FIG. 3. A stem showing the leaves of the ‘Smooth Texan Three’ nectarine. The ruler is demarcated in millimeters.

FIG. 4. The non-showy flowers of ‘Smooth Texan Three’. The ruler is in millimeters.


Referring more specifically to the pomological details of this new and distinct variety of peach tree, the following has been observed under the ecological conditions prevailing at the experimental orchards in College Station and Fairfield, Tex. All major color code designations are by reference to the RHS Colour Chart (Third Edition). provided by The Royal Horticultural Society of Great Britain. Colors are approximate as color depends on horticultural practices such as light level and fertilization rate, among others.

  • Tree:
      • Size.—Generally average to above average as compared to other common peach cultivars ripening in the early mid-season of maturity.
      • Height.—7 feet (2.13 m) at the end of the 2012 growing season.
      • Width.—7 feet (2.13 m) at the end of the 2012 growing season.
      • Vigor.—High.
      • Density.—Medium to high.
      • Productivity.—Productive.
      • Shape.—The trees are vigorous with the typical semi-spreading growth habit similar to ‘TexKing’ , ‘TexPrince’ , and ‘TexRoyal’.
      • Current season growth.—The current season growth for the new variety was approximately 4.0 to 4.1 feet (1.22-1.25 m).
      • Regularity of bearing.—Regular, and considered hardy under typical central San Joaquin Valley, Calif. conditions.
  • Trunk:
      • Size.—Approximately 4.3 inches (10.8 cm) in diameter and 14.0 inches (35.6 cm) in circumference when measured at a distance of approximately 12 inches (30.5 cm) above the soil level, at the end of the 2012 growing season on a five-year old tree.
      • Bark texture.—Considered moderately rough with numerous folds of papery scarf-like skin being present.
      • Bark coloration.—Variable, colors present are 166A of the Greyed-Orange Group, N200D of the Brown Group and 201D of the Grey Group.
  • Branches:
      • Size.—Considered medium to large for the variety.
      • Thickness.—Average (about 4.6 cm in diameter as measured 10 cm from the trunk on a five-year old tree) as compared to other varieties.
      • Surface texture.—Average and appearing furrowed on wood that is several years old.
      • Lenticels.—Numerous flat, oval lenticels present. The lenticels range in size from approximately 2 to 5 mm in width and were approximately 1 mm in height.
      • Current season shoots.—Surface texture — Substantially glabrous.
      • Internode length.—Approximately 3.5 to 4.0 cm as measured in the middle of a current season stem.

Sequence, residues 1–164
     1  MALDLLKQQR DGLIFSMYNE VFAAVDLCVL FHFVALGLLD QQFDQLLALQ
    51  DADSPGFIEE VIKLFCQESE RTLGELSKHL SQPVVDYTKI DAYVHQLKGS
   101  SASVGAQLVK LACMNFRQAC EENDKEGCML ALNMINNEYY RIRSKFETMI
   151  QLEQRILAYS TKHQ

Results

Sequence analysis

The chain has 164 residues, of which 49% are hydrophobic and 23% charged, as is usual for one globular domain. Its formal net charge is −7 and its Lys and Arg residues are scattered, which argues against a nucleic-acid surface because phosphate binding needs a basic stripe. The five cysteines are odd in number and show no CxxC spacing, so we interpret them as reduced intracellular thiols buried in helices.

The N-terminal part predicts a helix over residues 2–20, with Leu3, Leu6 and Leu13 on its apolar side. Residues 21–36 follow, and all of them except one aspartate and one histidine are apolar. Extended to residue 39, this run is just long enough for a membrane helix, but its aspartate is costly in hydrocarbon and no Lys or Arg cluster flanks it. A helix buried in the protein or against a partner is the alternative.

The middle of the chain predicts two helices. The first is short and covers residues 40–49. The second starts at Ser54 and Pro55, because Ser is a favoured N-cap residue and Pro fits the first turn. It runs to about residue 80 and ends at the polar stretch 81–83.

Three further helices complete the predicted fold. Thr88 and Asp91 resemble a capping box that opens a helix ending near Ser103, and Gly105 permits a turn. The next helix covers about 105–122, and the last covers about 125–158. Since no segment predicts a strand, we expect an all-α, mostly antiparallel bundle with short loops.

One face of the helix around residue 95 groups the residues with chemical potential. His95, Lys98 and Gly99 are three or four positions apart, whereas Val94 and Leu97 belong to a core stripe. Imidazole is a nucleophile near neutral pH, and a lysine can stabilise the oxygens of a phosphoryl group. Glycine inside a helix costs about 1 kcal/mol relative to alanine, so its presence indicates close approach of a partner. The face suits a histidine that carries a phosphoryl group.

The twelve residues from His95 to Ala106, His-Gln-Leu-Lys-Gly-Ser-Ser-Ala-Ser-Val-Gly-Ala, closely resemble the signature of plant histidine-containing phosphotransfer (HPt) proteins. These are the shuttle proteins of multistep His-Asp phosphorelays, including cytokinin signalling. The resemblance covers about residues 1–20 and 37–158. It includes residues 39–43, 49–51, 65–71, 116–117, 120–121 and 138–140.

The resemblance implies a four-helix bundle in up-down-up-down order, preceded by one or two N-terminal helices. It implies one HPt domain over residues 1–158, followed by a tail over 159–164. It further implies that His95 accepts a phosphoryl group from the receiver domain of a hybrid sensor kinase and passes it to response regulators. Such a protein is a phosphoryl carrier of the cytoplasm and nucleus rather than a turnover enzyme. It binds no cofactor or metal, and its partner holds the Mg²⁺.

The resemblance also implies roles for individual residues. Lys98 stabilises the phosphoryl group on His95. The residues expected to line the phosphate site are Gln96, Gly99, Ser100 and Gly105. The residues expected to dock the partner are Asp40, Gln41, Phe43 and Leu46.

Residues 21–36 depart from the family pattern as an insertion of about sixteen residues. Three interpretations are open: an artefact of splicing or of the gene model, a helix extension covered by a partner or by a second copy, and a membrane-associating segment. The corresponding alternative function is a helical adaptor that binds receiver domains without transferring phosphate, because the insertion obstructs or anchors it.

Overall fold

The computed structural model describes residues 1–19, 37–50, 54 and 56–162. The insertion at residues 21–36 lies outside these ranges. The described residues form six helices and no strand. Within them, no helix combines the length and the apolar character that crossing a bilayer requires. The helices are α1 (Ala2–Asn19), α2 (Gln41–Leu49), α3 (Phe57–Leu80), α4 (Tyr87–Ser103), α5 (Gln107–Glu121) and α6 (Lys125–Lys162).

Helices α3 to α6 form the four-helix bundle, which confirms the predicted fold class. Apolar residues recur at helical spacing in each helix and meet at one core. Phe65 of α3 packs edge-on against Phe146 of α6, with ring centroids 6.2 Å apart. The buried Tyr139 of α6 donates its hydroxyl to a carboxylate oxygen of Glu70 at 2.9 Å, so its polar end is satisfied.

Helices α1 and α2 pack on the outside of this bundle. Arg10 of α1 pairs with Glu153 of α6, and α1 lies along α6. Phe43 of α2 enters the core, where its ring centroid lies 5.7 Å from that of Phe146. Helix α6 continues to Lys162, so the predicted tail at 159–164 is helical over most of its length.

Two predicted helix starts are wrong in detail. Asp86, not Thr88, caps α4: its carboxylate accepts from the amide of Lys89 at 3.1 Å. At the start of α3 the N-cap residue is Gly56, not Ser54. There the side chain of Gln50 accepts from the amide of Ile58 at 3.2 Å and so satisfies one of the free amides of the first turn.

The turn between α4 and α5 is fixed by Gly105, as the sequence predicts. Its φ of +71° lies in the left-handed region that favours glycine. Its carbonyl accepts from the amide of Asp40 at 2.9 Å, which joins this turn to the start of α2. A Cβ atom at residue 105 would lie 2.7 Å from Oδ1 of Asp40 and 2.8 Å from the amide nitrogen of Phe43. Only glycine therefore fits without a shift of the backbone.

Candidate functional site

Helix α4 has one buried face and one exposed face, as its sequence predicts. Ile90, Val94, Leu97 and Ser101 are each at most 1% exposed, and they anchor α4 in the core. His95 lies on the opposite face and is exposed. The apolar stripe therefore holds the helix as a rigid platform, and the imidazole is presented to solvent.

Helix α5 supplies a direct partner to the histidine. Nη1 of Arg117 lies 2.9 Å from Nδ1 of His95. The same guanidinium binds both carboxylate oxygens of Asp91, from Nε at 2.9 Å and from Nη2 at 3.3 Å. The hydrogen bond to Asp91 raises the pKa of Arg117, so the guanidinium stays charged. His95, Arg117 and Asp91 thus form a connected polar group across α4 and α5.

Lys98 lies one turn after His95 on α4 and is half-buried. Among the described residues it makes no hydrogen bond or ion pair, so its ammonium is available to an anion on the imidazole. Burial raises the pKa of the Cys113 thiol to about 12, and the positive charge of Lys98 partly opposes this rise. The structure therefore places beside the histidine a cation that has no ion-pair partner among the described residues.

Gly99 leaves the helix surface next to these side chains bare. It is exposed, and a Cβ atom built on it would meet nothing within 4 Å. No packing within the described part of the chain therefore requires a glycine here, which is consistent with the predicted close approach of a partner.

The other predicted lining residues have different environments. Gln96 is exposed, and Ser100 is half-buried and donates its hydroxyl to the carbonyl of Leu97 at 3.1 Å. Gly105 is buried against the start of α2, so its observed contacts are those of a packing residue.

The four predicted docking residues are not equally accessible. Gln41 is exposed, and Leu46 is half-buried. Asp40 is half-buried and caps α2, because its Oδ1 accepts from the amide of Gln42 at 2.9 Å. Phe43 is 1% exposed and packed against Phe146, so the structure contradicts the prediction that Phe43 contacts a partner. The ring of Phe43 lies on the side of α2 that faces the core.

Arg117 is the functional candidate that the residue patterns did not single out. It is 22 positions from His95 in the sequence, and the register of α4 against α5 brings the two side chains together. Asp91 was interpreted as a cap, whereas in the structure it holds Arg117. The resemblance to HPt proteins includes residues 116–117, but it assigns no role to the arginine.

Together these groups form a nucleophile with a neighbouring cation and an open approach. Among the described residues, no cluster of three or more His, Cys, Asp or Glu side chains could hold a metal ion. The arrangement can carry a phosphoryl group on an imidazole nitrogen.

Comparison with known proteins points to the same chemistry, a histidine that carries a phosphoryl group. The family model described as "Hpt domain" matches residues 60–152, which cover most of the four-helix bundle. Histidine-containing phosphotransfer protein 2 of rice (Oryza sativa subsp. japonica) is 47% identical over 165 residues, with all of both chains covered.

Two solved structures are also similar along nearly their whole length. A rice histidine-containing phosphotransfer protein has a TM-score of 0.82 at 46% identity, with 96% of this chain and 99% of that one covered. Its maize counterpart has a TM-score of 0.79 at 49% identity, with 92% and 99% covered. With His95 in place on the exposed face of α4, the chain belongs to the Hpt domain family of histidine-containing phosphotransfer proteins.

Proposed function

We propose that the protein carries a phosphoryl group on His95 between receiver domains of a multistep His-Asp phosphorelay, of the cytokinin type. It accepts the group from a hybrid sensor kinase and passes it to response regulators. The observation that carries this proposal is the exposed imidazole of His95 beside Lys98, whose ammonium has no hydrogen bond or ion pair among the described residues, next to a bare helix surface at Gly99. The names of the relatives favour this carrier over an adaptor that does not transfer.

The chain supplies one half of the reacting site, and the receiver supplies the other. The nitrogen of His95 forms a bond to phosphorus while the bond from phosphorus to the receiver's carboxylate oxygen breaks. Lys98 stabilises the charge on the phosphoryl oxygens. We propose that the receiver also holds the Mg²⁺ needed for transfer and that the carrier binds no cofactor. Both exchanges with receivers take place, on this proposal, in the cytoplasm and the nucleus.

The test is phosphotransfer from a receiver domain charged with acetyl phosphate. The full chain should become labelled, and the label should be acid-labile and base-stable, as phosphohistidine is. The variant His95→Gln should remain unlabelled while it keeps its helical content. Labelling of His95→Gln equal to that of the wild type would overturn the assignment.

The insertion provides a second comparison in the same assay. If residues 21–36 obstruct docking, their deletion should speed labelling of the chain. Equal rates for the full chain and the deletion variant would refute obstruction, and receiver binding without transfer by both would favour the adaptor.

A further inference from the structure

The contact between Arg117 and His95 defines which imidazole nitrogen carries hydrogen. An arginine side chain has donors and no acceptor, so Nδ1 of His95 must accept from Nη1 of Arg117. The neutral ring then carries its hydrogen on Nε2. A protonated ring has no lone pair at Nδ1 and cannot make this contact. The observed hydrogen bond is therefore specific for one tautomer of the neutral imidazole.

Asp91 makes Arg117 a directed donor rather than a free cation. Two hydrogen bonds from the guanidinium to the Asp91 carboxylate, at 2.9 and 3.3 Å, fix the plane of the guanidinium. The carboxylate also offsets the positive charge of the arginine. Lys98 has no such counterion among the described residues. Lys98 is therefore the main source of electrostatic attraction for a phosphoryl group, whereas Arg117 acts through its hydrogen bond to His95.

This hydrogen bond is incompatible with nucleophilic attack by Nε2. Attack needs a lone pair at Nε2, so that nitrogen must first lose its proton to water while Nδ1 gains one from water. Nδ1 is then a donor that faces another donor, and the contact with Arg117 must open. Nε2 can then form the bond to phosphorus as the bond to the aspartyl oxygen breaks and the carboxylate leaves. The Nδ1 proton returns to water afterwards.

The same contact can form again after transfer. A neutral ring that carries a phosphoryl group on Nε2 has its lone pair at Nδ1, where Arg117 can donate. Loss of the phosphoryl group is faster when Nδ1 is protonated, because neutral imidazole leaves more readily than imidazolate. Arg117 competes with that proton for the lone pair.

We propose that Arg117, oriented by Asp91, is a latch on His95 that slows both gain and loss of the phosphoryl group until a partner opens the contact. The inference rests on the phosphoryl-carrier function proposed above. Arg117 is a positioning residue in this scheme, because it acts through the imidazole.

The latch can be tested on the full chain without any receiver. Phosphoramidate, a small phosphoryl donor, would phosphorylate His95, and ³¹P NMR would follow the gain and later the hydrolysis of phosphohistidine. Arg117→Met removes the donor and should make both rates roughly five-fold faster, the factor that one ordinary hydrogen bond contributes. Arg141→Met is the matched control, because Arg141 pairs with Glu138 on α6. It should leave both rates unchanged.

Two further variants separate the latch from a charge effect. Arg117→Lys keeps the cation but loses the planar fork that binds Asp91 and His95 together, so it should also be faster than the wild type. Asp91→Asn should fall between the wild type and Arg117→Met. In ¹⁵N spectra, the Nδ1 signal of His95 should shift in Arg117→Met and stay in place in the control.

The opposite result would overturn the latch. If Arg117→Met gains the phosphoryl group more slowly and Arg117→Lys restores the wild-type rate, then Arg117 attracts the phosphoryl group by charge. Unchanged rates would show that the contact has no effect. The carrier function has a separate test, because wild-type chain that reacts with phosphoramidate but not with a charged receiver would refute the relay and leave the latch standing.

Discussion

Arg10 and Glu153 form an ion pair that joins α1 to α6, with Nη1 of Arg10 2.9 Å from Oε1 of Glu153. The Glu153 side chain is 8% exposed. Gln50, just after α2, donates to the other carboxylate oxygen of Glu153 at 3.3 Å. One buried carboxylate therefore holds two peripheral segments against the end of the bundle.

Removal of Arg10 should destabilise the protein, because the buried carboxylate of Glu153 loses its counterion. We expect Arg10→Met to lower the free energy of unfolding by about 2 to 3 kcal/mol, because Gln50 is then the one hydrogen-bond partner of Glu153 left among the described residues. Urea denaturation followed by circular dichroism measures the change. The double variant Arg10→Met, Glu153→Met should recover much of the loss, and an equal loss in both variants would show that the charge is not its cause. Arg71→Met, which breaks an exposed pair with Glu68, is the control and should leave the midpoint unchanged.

• Color of mature branches.—The predominant colors are 165A and 174A-B of the Greyed-Orange Groups, N199C of the Grey-Brown Group and 200D of the Brown Group.
      • Current season shoots.—Color — Medium green (144A-B, N144A&D, 145A and 146D of the Yellow-Green Groups) with some reddish-brown coloration appearing on exposed surface of the shoots (165A and 166D of the Greyed-Orange Groups).
  • Leaves:
      • Size.—Considered moderately large for the species. Leaf measurements have been taken from vigorous upright current season growth approximately at mid-shoot.
      • Leaf length.—Approximately 159 to 185 mm.
      • Leaf width.—Approximately 43 to 45 mm.
      • Leaf thickness.—Less than 1 mm.
      • Leaf form.—Lanceolate.
      • Leaf tip form.—Acuminate.
      • Leaf upper surface color.—Green varying among 137A-C of the Green Group and 146A-B of the Yellow-Green Group.
      • Leaf lower surface color.—Green varying among 146A-B of the Yellow-Green Group.
      • Leaf mid-vein color.—Light green, similar to 145A-B of the Yellow-Green Group.
      • Leaf margins.—
      • Form.—Considered crenate/crenulate.
      • Uniformity.—Considered generally uniform.
      • Leaf petioles.—
      • Size.—Considered medium long.
      • Length.—Approximately 11 to 13 mm.
      • Thickness.—Approximately 2 mm.
      • Color.—Pale green, similar to 145A-B of the Yellow-Green Group.
      • Leaf glands.—
      • Size.—Approximately 2 mm in height and less than 1 mm in width.
      • Number.—Generally 0-2 per leaf.
      • Type.—Reniform.
      • Color.—Varies from light brown to a dark reddish brown (163A, 164B-C, 165C-D, 172A-B and 173A-B of the Greyed-Orange Groups).
      • Leaf stipules.—
      • Size.—Medium to long for the species.
      • Length.—Approximately 11 to 14 mm.
      • Form.—Lanceolate.
      • Color.—Medium to light green (139C-D of the Green Group) with reddish brown tips (176D and 177C-D of the Greyed-Orange Group) when young. The stipules are considered to be early deciduous.